The House bill, which has 65 co-sponsors so far, is set to get a hearing Tuesday morning bright and early at 8:00 a.m. in the House Higher Education Committee. You can watch it online at TVW.org.
For a refresher on how these bills become a law, allow Schoolhouse Rock to explain (this video focuses on the federal government, but the process at the state level still applies):
The hearing is a chance for committee members to get any questions answered before acting on the bill. These bills are just one step in our pursuit of a medical school in Spokane. The 1917 law needs to be changed, and we are also asking the legislature to provide $2.5 million in startup funds for the next two years. With that funding, we will be able to hire a Founding Dean, begin to recruit faculty and develop curriculum.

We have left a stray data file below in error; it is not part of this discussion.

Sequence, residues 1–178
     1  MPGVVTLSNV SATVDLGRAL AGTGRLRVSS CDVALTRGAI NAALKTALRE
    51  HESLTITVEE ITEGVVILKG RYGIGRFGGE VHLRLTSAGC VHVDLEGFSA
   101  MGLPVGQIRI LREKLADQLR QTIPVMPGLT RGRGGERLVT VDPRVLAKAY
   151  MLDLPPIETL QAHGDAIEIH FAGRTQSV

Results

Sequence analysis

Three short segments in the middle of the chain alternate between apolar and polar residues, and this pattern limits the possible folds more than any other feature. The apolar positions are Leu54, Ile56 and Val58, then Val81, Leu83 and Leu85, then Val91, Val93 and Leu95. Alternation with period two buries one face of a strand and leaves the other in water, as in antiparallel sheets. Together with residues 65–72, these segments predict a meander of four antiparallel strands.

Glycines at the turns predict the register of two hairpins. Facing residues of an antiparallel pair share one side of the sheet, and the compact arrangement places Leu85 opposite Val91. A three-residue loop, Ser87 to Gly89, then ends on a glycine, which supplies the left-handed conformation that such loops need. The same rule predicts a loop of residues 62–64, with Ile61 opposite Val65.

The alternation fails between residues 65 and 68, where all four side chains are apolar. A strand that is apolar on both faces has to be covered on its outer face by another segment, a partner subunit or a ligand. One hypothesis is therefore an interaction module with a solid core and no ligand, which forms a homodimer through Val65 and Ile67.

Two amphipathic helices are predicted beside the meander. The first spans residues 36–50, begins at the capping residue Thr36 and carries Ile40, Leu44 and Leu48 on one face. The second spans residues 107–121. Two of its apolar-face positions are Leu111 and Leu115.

So why is this important?
The need for a medical school in Spokane is great. There are too many communities with health care needs that have citizens traveling long distances to find care. Other communities have a shortage of doctors. The community-based model we plan on implementing will actively recruit students from rural and underserved areas and place students in those areas for the third and fourth years of medical school. This introduces them to the community and increases the chances of them practicing there.
If the 1917 law is changed, and the legislature approves funding in its operating budget, the final approval will come from Governor Jay Inslee.
Establishing a medical school in Spokane would continue WSU’s investment in Spokane.